Opting for tooth extraction and implant placement over orthodontic treatment.
When this person submitted their picture they mentioned that they would like to see what improvements could be made with their smile. But they also stipulated that they were not interested in having orthodontic treatment.
That’s a shame. It’s easy to imagine how that approach (using either fixed or removable appliances) could resolve a number of issues with this person’s teeth, both top and bottom.
(For examples of its use with other cases, use the “Dental Braces” button above.)
Case issues and concerns:
With the upper teeth, the biggest obstacle associated with improving this smile is the retruded upper left tooth. It’s in crossbite.
(That means when this person closes their teeth all of the way together, this tooth is positioned behind its corresponding lower teeth, rather than in front.)
To a much lesser extent, the upper right lateral incisor also seems set back somewhat.
The misalignment of the central incisors makes one look too long and the other too short.
The misalignment of the lower teeth gives them an unruly look.
“Before” photo submitted by website visitor.
1) Making the decision for tooth extraction and implant placement.
Due to the extreme positioning of the upper left lateral incisor, and the treatment limitations set by the patient, there really isn’t any appropriate way to make an improvement with this tooth’s appearance.
Bringing the tooth forward by placing some type of restoration would either make the tooth ridiculously thick or strangely misshapen. And doing so could have consequences for the neighboring teeth and surrounding gum tissue.
That means the only solution that remains is to pull it and replace it with either a dental implant or bridge. In our “after” picture, we’ve illustrated how we think things would turn out if an implant were placed.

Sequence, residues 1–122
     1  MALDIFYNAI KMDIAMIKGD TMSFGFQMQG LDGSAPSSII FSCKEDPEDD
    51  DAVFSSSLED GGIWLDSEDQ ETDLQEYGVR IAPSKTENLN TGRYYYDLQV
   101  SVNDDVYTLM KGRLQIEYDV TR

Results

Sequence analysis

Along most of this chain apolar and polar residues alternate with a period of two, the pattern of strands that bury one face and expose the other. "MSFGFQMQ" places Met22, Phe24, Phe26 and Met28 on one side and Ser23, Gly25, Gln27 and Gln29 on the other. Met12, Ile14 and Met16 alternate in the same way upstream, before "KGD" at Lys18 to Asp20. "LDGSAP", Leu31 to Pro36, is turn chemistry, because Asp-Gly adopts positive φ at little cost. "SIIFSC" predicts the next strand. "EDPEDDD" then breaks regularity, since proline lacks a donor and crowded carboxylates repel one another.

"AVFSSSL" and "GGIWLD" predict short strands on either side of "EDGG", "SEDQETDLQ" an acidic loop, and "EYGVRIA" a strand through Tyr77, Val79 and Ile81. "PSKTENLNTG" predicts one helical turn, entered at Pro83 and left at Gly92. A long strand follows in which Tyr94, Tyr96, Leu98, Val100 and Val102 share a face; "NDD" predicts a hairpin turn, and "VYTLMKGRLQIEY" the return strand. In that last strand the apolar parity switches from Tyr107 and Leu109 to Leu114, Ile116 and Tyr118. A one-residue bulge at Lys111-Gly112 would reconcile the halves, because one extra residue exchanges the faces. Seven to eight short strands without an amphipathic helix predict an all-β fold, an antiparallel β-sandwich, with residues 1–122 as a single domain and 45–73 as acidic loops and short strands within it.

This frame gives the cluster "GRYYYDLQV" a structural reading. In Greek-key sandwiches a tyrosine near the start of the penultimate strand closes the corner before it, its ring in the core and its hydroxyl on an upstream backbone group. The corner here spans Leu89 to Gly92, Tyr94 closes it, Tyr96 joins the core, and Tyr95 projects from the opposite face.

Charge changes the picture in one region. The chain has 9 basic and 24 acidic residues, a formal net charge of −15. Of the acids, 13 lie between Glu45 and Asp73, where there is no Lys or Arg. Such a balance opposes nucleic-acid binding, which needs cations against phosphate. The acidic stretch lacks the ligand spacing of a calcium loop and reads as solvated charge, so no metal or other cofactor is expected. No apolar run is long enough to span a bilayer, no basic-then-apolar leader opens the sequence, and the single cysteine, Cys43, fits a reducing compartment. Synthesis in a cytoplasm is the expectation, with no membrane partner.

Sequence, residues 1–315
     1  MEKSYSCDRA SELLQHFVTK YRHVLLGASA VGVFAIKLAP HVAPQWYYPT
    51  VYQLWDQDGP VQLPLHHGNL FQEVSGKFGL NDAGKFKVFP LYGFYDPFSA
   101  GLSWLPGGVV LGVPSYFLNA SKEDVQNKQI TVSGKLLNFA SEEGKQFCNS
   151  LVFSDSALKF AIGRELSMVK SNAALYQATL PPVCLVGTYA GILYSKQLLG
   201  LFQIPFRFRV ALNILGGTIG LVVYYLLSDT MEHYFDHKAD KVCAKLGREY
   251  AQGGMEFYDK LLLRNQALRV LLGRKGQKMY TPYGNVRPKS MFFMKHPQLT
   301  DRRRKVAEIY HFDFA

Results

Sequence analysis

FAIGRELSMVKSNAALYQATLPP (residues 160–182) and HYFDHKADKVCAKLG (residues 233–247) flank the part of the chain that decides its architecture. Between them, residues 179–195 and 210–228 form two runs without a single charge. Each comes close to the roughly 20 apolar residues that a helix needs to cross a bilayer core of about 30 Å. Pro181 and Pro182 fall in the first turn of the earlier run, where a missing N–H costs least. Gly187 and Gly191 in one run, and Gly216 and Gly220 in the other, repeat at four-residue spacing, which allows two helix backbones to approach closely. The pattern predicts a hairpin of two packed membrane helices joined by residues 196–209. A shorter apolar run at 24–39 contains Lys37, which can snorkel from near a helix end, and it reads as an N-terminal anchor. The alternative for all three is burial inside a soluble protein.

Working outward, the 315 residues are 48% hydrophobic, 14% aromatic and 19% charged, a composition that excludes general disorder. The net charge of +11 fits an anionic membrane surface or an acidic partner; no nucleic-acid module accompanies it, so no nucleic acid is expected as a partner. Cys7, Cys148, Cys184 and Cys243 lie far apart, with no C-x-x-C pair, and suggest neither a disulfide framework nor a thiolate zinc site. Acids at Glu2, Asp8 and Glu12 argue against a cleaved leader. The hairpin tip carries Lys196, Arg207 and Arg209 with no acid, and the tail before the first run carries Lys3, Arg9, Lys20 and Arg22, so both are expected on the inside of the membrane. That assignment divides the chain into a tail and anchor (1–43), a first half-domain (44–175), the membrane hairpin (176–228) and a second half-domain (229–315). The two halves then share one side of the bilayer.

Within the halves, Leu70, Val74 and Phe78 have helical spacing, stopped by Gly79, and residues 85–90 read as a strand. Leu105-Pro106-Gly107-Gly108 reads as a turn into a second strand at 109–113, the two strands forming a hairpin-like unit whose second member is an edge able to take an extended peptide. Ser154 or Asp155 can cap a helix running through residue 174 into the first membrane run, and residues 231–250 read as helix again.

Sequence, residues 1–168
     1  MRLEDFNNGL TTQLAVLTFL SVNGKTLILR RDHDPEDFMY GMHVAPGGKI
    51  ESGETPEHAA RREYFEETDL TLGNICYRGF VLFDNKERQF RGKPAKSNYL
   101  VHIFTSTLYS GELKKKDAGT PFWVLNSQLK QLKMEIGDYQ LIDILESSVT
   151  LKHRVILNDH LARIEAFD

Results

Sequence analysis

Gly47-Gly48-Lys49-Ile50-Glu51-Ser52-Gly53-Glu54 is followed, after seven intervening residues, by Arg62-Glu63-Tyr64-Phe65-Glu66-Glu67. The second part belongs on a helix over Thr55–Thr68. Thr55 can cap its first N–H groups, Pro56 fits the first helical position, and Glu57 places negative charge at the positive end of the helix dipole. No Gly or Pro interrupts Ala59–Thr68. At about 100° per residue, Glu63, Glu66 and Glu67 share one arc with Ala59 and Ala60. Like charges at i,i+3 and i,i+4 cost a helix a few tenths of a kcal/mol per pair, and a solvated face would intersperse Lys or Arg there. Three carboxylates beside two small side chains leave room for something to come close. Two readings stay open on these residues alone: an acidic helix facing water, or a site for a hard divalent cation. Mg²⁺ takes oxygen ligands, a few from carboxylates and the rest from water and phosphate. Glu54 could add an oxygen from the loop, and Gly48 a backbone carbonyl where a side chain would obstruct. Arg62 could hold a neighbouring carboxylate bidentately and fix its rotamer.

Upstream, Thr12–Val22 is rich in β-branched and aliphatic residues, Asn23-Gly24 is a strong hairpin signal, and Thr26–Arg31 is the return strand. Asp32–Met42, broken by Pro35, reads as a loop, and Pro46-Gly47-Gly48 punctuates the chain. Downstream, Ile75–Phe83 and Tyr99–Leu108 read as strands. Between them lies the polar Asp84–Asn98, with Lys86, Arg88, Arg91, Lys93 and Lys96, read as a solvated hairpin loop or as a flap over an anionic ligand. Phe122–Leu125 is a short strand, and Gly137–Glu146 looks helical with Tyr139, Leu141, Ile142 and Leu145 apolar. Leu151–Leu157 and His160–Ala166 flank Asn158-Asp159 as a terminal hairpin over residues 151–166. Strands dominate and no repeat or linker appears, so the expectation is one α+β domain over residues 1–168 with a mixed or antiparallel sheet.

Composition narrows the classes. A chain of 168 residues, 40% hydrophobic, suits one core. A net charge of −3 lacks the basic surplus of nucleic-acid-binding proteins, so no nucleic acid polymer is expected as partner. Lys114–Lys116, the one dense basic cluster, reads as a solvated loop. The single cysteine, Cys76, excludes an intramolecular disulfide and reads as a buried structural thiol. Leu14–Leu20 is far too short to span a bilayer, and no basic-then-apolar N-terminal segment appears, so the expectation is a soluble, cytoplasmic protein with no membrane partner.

As a criticism of the cosmetic outcome of this approach, the dental crown that’s used to restore the implant will end up looking narrow when compared to the same tooth on the other side. That’s because a full-sized tooth simply won’t fit in a crowded-tooth space.
2) Completing the makeover for the upper teeth.
Our “after” picture also illustrates changes for a few other teeth, which collectively create a better appearance for this smile. It seems likely that porcelain veneers might be used to make these changes, although a decision about their suitability over crowns would be a decision for the treating dentist to make.
We’ll admit that we’ve cheated somewhat in our “after” picture. We’ve show significant gum-line changes for the lateral incisor on the patient’s upper right. That amount a change would most likely require a minor surgical procedure termed “gum sculpting.”
3) The lower teeth.
Our “after” picture illustrates how some minor trimming of the lower teeth could make their misalignment less apparent.
An alternative (and better) treatment plan.
Treating this smile as a dental implant case really seems a bit extreme. But given the limitations discussed above, we didn’t see another option.
As an alternative plan, and one that seems a realistic compromise, here’s an approach that could provide the same outcome without having to extract the tooth and place an implant, if the patient would just accept it.
Instead of full orthodontic treatment, just move the single tooth out of crossbite and back into a more normal positioning. Moving an individual tooth would take much less time than full treatment. And it could probably be accomplished with some type of removable appliance (like Invisalign) instead of fixed braces. (Actually, moving the same tooth on the other side into better alignment could be completed simultaneously, using the same appliance.)
The tooth may need to be narrowed before it can be guided into its new location, but its shape could be perfected afterward by placing a dental veneer.